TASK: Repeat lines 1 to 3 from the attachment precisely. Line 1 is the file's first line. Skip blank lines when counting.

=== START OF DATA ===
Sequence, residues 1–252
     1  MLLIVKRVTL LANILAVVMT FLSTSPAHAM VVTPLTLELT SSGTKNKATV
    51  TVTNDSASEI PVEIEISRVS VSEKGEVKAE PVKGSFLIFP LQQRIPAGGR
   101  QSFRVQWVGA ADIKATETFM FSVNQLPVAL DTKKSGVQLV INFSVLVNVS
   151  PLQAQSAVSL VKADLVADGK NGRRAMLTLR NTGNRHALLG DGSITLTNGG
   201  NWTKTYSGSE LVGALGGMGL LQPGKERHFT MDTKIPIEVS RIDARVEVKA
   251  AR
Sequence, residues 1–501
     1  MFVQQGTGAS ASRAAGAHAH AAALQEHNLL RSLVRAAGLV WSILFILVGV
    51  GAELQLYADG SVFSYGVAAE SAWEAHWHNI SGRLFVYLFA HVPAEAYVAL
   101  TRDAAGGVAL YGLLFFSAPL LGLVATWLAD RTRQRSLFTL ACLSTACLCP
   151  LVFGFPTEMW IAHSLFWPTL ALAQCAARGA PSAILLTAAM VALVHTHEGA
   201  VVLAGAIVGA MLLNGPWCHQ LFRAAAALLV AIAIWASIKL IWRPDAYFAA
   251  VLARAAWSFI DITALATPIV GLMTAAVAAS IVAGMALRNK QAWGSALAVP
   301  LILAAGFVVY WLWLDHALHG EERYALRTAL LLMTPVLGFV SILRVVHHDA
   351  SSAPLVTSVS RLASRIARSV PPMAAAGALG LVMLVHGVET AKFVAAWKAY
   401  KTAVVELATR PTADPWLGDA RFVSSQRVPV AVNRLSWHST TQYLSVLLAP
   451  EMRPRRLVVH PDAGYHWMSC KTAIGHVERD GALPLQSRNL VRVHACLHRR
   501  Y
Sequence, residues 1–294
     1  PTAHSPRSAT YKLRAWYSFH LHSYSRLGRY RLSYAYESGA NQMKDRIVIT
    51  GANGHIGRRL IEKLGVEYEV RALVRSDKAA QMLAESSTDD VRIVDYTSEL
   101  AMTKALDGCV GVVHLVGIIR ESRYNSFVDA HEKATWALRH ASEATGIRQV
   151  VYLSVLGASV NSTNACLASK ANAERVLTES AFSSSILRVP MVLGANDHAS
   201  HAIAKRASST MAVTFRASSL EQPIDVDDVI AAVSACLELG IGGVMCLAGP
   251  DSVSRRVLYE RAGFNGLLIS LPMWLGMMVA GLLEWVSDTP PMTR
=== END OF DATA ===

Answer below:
Sequence, residues 1–252
     1  MLLIVKRVTL LANILAVVMT FLSTSPAHAM VVTPLTLELT SSGTKNKATV
    51  TVTNDSASEI PVEIEISRVS VSEKGEVKAE PVKGSFLIFP LQQRIPAGGR